For those of you who have been following my trip to Scotland as described in my previous two posts, keep reading because today we will taking a closer look at my journey from the town of Wick to Inverness. This time I’ll be using a bus instead of a train, just for a change. After providing you with a review of my room and a short walk around the town, I shall attempt to give you an idea of how it’s like travelling by bus on this route, where you can find tickets and timetables as well as my personal verdict based on my own experience.
If you are looking for a welcoming, relaxing and centrally located accommodation in Wick, do check out the Harbour House Bed & Breakfast. . This 19th Century property was previously home to the harbour masters of Pulteney, and has now been converted into bed and breakfast accommodation in the heart of Wick. Each bedroom is individually designed with a modern décor and comes with a TV and DVD player. They come with an en suite bathroom, a hairdryer and tea/coffee-making facilities.
I chose the single room which come with a private bathroom. Harbour House is just 30 minutes’ drive from John o’ Groats, and 40 minutes from the castle and gardens of Mey. Guests can enjoy many activities in and around Wick from fishing to hiking, and the town is home to the Pulteney whisky distillery and a heritage museum.
The staff were very friendly and accommodating and the location was perfect. Close to the town for walking to pubs/restaurants etc. but not close enough to be disturbed by the noise. Linen was soft and comfy, had a great sleep – nice big telly with all free view channels. Tassimo coffee machine and a kettle along with a lovely basket with biscuits, coffee, tea, milk, butter and jam was a bonus. Oh and the view from my room overlooking the North Sea was excellent!
I can tell that the people at Harbour House take their breakfast very seriously. The breakfast was beautiful and it comes delivered to your room on a trolley at whatever time you wish and the Chef was bang on time. It comes served on a hotplate and is really nice. There is a wee table by the window so that you can eat it. Plates were clean, cutlery was solid and shiny. Normally a choice of a Continental or full cooked options are available, while for other meals there are several pubs and restaurants around town within a few minutes’ walk. Honestly, I can’t find anything to fault it on.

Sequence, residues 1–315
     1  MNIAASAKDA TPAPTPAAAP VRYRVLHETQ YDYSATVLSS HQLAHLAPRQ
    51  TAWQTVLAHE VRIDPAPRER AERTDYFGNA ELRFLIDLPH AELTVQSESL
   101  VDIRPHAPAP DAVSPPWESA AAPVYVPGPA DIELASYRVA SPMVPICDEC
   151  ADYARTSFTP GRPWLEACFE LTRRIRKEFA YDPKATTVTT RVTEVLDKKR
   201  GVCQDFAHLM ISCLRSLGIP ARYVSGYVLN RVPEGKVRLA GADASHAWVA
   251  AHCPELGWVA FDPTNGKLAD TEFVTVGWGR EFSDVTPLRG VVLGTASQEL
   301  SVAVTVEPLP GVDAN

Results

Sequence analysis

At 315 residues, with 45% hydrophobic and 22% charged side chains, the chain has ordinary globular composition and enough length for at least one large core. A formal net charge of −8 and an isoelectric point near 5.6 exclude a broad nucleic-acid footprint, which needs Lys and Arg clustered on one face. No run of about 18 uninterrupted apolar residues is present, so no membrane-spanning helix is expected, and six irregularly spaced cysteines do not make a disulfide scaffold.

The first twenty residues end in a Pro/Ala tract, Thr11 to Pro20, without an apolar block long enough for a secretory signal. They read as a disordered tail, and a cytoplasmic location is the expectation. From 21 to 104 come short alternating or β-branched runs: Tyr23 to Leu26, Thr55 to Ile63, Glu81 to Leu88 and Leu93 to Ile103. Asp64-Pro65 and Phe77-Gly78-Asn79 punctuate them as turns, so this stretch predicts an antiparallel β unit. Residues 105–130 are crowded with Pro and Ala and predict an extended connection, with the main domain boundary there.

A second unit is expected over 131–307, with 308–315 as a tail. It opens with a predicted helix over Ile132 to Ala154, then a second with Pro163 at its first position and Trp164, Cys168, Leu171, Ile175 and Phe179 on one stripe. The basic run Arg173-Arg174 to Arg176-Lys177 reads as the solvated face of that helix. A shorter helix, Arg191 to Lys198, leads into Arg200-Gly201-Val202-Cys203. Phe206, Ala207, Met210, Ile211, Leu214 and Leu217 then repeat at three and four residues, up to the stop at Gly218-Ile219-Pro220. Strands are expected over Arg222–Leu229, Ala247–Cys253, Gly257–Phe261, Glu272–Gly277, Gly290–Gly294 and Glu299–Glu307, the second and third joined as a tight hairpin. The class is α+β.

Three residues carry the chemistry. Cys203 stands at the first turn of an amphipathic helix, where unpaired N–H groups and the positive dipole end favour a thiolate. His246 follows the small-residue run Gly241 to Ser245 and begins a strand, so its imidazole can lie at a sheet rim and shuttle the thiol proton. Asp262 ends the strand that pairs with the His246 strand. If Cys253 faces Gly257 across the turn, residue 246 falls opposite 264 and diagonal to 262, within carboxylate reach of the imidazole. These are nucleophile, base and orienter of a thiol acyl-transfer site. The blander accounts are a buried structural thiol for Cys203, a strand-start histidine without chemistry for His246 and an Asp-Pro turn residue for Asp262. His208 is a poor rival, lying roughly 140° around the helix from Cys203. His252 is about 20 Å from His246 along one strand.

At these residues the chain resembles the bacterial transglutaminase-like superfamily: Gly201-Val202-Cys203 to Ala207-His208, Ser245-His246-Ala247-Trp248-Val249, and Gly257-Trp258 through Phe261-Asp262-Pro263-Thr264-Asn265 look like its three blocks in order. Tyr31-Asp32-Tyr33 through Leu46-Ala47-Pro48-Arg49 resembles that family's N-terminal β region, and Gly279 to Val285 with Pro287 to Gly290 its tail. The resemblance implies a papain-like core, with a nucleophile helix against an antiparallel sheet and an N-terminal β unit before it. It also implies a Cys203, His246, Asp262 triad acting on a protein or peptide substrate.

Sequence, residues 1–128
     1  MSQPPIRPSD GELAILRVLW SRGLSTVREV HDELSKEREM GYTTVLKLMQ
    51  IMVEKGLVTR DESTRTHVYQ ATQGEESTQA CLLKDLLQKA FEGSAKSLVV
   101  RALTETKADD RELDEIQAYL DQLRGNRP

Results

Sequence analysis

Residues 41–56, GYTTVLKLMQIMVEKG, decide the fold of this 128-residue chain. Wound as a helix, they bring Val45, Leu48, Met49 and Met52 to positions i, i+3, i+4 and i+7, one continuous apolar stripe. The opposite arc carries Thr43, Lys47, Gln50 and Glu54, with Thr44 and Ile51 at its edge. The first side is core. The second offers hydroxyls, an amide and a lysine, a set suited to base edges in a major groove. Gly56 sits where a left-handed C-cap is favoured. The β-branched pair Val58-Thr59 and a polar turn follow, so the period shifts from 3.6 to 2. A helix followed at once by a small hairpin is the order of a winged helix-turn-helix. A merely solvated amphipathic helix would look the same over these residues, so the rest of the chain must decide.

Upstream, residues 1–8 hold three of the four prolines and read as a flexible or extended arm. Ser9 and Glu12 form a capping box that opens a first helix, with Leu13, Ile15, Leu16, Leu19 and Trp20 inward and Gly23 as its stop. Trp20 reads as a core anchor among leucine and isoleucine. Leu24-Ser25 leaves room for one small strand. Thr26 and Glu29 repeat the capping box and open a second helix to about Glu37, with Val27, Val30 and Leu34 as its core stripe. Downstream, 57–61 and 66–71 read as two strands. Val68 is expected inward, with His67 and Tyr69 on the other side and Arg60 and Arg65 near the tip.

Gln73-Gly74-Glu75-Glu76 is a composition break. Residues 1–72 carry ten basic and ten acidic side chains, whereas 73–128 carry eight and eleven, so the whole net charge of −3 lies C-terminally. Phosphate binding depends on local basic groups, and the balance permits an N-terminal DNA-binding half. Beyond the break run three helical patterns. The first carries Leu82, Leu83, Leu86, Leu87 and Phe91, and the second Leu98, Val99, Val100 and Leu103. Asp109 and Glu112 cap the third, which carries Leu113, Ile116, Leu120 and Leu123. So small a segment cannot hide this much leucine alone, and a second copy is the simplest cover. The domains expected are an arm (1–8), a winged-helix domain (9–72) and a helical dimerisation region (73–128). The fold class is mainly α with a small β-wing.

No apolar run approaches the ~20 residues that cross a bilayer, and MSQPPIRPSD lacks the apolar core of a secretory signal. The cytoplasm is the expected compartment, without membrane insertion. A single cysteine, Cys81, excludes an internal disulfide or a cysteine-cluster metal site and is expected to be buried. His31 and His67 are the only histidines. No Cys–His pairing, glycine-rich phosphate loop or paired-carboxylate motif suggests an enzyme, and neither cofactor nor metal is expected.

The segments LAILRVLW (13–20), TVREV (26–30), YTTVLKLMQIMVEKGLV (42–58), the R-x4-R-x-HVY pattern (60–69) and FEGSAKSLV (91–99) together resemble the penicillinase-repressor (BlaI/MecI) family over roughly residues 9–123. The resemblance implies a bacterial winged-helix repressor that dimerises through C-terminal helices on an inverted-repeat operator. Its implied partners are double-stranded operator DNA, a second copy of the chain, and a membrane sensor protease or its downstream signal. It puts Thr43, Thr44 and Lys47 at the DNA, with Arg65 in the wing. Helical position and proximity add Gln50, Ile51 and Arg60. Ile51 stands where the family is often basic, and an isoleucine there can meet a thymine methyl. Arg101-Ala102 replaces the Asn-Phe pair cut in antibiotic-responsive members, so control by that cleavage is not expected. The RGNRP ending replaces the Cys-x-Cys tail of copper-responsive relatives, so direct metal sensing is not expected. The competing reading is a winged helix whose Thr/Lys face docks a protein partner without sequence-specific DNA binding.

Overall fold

For nearly 500 years, Wick used to be the administrative centre of Caithness, an area which lies on the east coast of Northern Scotland. The name comes from the Norse vik, meaning bay, and it was the Vikings who first used the mouth of the River Wick where it flows into Wick Bay as a harbour for their vessels.
Wick today still has the feel of a town that revolves around its harbour and its seafaring traditions, however, one would say that it’s nothing compared to its heyday back in the mid-19th century when it used to be the busiest herring port in Europe. From the 1970s the gap left in the local economy since the departure of the herring was partially filled by the discovery of North Sea Oil.
Make sure you visit the Wick Heritage Museum, which gives visitors a feel of the town’s past and, in particular, its herring years. Nearby is another important visitor attraction, Pulteney Distillery. Another thing to note is that here you can find Mackays Hotel, the end of the building stretches the full length of Ebenezer Place, which appears in the Guinness Book of Records as the world’s shortest street at 2.06m or 6ft 9in in length!
The bus from Wick to Inverness
This bus service is operated by Stagecoach North Scotland and runs through Inverness-Thurso and Scrabster and has 88 stops. The trip from Wick to Inverness takes approximately 3.30-4 hours and you get to see a lot of the Scottish Highlands on the way. The bus comes with a W/C and free WiFI. The bus stop is located in MacLeay Lane. There is a cheap shop there where you can buy snacks from for your journey. Make sure you buy everything you need as there is no food on board the bus!
Tickets and timetable
You can buy your ticket on board, directly from the driver. A single ticket costs £21 while a return one costs £29.15 per adult.
For updated timetables check out this link.
By the time I arrived at Inverness I had already started realising that my first trip to Scotland was coming to an end. The next thing I knew was that I was on a train to Edinburgh and from there to London and back home (stay tuned for that in another blog). Yet, despite being tired from being on the move for at least four consecutive days, I wasn’t really looking forward to it. I wanted to stay. And thats because, you see, to me, Scotland cannot be experienced in a single trip. It’s a place where you are always dreaming of going back, it’s something different.
The places I’ve seen on that trip are something unique; the little towns full of history, their friendly people and the amazing scenery all add up to what makes that country what it is; the most beautiful country on earth (source). If you’d like to spend some time away from the hustle and bustle of the modern urban life, just take the first train to Scotland and you won’t be disappointed! I am definitely going back.
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